Dealing with “marking” or “spraying of urine can be very frustrating when you own a male Labrador Retriever. It’s messy, smelly, and is a seemingly unbreakable habit. How can you, as a dog owner, teach your pet that this is bad behavior? In reality, there are many reasons why male dogs may “mark” furniture or areas of the house, all of which can be remedied by patience, understanding, and a good training routine.
CAUSES OF SPRAYING
This is one of the most common causes of spraying in male Labrador Retrievers. Male dogs are much more territorial than female dogs, though the Labrador breed does not tend to be territorially aggressive. However, a male Labrador Retriever may spray around their “home” to mark their domain against other dogs. This is more common in dogs that have not been neutered, as they are more receptive to the territory markings of other dogs. If you have recently introduced another dog (or another person) into your home, your dog may begin territorial spraying, even if they have never before engaged in this behavior. If your dog sees the “invading” person or dog to be dominant, they may become defensive, and initially mark their territory as a counter-dominance behavior.
Separation anxiety in your Labrador Retriever can cause a host of behavioral problems, and spraying is one of the more common. A Labrador Retriever has a very social temperament, and a constant need for affection. Frequent human interaction, especially early in your dog’s life, is very important. You need to earn your dog’s trust, in that you are not going to abandon them. Dogs that are lacking in attention, or dogs with a history of abandonment may spray around the house when left alone. This is a cry for help from your dog, and should give you a clue that your dog is lacking in some emotional requirements. The negative attention that you give your dog when you find a “spray spot” may be replacing your dog’s quest for positive attention, and this behavior needs to be corrected immediately.
Before a male dog is neutered, he is extremely receptive to the hormonal scent “signature” of other dogs. A dog has an extremely developed sense of smell, and will pick up on any other dogs nearby. If your male dog is indoors, and a female dog in heat walks in front of your house, your dog may be able to pick up her scent. This will trigger a surge of testosterone in your dog’s body, which will cause them to become excited. In their excitement, they will listen to what their instincts are telling them: to make themselves known to the female dog. This is done in the wild by releasing urine, which is what your dog will be compelled to do in this situation. Unfortunately, this is unacceptable behavior, and you will need to use a training method to discourage this behavior in the future.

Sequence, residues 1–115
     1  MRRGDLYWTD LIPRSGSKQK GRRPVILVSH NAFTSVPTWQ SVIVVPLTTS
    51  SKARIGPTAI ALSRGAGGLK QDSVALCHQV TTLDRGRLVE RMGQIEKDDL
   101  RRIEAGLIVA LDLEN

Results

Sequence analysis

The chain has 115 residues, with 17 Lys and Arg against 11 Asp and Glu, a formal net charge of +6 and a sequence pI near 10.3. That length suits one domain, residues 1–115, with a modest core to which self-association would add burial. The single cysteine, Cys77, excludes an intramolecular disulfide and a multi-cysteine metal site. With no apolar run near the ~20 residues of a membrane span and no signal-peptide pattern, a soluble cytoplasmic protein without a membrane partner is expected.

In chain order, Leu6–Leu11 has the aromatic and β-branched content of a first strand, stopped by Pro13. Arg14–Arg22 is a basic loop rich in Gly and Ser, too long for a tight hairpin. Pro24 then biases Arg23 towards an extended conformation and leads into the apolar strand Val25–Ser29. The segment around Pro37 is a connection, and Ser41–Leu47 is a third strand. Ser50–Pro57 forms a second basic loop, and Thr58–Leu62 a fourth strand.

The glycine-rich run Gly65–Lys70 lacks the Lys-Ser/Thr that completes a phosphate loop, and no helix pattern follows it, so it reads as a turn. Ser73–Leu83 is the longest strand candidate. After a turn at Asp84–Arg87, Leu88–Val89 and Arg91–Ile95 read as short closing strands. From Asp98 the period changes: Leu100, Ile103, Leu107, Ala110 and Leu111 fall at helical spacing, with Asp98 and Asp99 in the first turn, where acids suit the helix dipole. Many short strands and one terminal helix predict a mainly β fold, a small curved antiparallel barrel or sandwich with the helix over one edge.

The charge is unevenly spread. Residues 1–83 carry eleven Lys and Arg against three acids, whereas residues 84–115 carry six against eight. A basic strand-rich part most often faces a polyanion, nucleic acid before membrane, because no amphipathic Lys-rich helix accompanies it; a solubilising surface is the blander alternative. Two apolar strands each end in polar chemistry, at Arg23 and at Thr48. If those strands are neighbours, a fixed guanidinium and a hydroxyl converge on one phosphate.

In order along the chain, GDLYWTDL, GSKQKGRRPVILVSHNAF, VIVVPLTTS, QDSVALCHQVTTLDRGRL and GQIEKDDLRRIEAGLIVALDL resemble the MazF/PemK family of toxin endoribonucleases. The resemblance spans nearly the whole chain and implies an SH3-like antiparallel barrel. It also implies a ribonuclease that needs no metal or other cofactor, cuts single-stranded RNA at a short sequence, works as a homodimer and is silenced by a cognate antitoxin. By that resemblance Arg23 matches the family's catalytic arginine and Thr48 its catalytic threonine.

PREVENTING YOUR MALE DOG FROM SPRAYING
There are many different methods that you can use to discourage or prevent your male Labrador Retriever from spraying or marking. Each dog is different, so you may have to try more than one method before you find an effective way to stop this behavior.
If you are crate-training your dog, the crate can be used as an effective tool to prevent your male dog from spraying. This is because your dog will not spray in the crate, since it is their “den”, and they feel safe. When your dog is indoors, try to put them in the crate as soon as they seem about to spray (ideally, BEFORE they make a mess), and leave them in there for a short time. After several minutes, after their urge to spray has passed, you may take them outside. This process may need to be repeated several times before your dog learns not to spray indoors.
The doggy-diaper is actually not diaper-shaped, it is an absorbent pad that wraps around your dog’s abdomen. When your dog attempts to spray, they will instead urinate on the pad, which will create a very uncomfortable sensation. After several minutes, change the pad, and your dog will repeat this process. Eventually your dog will associate spraying with being uncomfortable, and will no longer need the doggy-diaper.
While this may seem obvious, as much as 50% of spraying can be stopped in a male dog after they are neutered. However, this percentage decreases with age, and spaying a dog at a later age may not discourage this behavior. Ideally, if you are not breeding your male Labrador Retriever, try to have them spayed as soon as possible, since this will prevent most occurrences of spraying.